As of Monday's close, the AAPL stock price had fallen eight straight sessions – something it hadn't done in nearly 18 years.
The Apple stock price today was higher (Tuesday), but struggled to squeeze past a gain of 1%, trading at about $95.
The sentiment on AAPL stock now is profoundly negative. It's been building since last fall, when concerns about slowing iPhone sales first surfaced.
The Q1 Apple earnings, although a record for revenue and profit, represented tiny year-over-year gains (earnings up 1.9%, revenue up 1.7%). That did little to alleviate concerns about slowing growth.
So when Apple delivered a true clunker of an earnings report last Tuesday, the bears were ready to pounce. Revenue fell year over year for the first time in 13 years. Profits fell 22.8%.
Adding insult to injury, notorious activist investor Carl Icahn announced Thursday he had dumped all his remaining AAPL stock.
The months of bad news have taken a toll; the Apple stock price is down 29% since hitting a 52-week high of $132.97 last July.
Could the "Experts" Be Wrong About AAPL Stock?
The majority of pundits hold out little hope Apple will reverse its tailspin, typically noting that Steve Jobs is still dead and the company hasn't had a new blockbuster product since the iPad in 2010.
Check out this glum assessment from The Guardian: "The story of Apple Incorporated is far from over. It is the most valuable company in the world, by a large margin. Apple produces a range of exceptional and much loved products. It employs many of the most talented designers and engineers on the planet. But I think Apple has peaked and the story of the next few years will be one of a slow but real decline."
Oh wait. I'm sorry. That article wasn't written about Apple's current predicament. It was published on Nov. 7, 2012, during a previous wave of "Apple has peaked" stories.
That day the Apple stock price closed at $79.71 (split adjusted). Investors who bailed then would have missed out on the subsequent 66% gain in AAPL stock.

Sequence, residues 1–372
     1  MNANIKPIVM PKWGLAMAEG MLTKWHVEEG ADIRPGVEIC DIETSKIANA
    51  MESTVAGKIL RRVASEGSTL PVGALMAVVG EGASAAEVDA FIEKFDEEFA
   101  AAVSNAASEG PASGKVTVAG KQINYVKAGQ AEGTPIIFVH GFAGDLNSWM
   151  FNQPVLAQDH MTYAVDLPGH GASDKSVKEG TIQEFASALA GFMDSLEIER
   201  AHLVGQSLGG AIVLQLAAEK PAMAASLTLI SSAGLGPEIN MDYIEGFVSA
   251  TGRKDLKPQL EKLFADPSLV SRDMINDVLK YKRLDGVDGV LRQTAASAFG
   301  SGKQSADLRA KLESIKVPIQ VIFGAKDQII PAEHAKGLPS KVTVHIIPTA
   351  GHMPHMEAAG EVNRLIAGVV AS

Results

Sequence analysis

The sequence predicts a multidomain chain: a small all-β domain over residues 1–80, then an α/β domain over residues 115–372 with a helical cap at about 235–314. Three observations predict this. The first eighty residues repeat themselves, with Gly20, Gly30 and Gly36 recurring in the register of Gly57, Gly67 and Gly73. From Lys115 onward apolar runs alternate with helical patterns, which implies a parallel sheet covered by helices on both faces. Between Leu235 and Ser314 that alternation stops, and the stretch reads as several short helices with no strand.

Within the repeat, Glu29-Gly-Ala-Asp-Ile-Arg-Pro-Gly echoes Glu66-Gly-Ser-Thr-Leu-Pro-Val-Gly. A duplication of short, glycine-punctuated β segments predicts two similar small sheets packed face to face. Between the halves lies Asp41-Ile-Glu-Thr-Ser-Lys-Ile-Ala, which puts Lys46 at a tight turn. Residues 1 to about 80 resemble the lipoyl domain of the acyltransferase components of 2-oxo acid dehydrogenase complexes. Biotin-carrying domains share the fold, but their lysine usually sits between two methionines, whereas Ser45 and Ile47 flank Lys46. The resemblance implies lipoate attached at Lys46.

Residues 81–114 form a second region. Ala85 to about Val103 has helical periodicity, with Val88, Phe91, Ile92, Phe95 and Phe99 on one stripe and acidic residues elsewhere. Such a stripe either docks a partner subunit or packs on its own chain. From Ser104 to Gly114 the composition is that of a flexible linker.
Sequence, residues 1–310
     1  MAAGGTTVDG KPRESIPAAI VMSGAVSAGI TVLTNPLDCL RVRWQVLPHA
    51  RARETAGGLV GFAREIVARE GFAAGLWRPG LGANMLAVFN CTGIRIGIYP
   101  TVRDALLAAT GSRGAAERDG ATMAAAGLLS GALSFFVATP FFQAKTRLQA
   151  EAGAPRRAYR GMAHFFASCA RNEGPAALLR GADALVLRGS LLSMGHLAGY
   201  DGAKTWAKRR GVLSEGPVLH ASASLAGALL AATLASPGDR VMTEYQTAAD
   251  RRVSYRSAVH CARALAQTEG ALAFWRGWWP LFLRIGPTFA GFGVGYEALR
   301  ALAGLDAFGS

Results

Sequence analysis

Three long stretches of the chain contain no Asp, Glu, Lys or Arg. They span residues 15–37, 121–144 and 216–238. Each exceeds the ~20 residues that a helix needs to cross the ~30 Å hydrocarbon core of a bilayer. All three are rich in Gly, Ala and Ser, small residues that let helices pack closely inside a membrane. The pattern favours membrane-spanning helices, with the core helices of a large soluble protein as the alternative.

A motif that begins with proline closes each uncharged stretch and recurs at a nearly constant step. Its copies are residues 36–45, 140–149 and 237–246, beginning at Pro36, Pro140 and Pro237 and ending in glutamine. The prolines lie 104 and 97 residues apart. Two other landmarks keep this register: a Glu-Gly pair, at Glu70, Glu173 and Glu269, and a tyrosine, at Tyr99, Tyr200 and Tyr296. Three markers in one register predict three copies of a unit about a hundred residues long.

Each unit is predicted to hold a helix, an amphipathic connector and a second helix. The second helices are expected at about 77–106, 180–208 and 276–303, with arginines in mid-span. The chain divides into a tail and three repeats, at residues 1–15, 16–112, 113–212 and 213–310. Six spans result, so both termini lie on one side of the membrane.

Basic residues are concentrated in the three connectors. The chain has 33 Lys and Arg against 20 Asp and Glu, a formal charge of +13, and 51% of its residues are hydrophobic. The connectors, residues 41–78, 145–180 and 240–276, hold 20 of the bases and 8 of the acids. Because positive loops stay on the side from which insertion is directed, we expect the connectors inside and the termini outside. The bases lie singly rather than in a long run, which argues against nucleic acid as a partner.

Investors today need to keep that in mind as one "expert" after another declares an end to Apple's glory years.
They've been wrong before. And here's why they're wrong this time, too…
Why the Apple Stock Price Still Has Plenty of Upside
Let's get a few things straight.
Apple stock may be beaten down, but the company is still raking in more money than any other company on earth. And despite what the pundits are saying, there is still growth in Apple's future.
"I can't think of a worse mistake than bailing out on AAPL stock now," said Money Morning Chief Investment Strategist Keith Fitz-Gerald. "This company has a major role to play in new growth areas of tech like artificial intelligence, user systems, and big data."
Fitz-Gerald pointed to Apple's unusually low price/earnings ratio of about 10.4. The forward earnings is now just 9.7.
"Apple's being priced like it's never going to grow again," he said. "And you know that won't happen."
Already there are supply-chain reports that Apple is bumping up production of the low-cost iPhone 5SE to meet high demand. Fresh iPhone models in September will create more demand.
And the slump in China's iPhone sales we're seeing now is likely to be short-lived, as the Chinese middle class is expected to more than quadruple by 2020.
Then you have to take into account India, where Apple has just started to make inroads. And Apple will continue to see more success monetizing its user base with services like Apple Music. As disappointing as the Apple Q2 earnings were, the services segment grew 30%.
Granted, the next two quarters will be challenging but given these catalysts, Apple's earnings will bounce back in 2017. Better news on the earnings front next year will reverse the negative sentiment and pull up the P/E as well.
The momentum shift will put the Apple stock price back on a path to revisit its previous highs in the $130 to $135 range this time next year.
"Apple's a bargain in the mid-$90s for any investor with the right perspective," Fitz-Gerald said. "I still think AAPL stock will make it to $200 a share."
Why the Icahn Sale of AAPL Doesn't Matter: When Carl Icahn said he had sold all of his stake in Apple, Wall Street followed suit and knocked 2.5% off the Apple stock price. Meanwhile, Icahn made a $2 billion profit. But the episode illustrates the dangers activist investors like Icahn can create for the rest of us. Just look at what Icahn did to maximize his return from his Apple investment…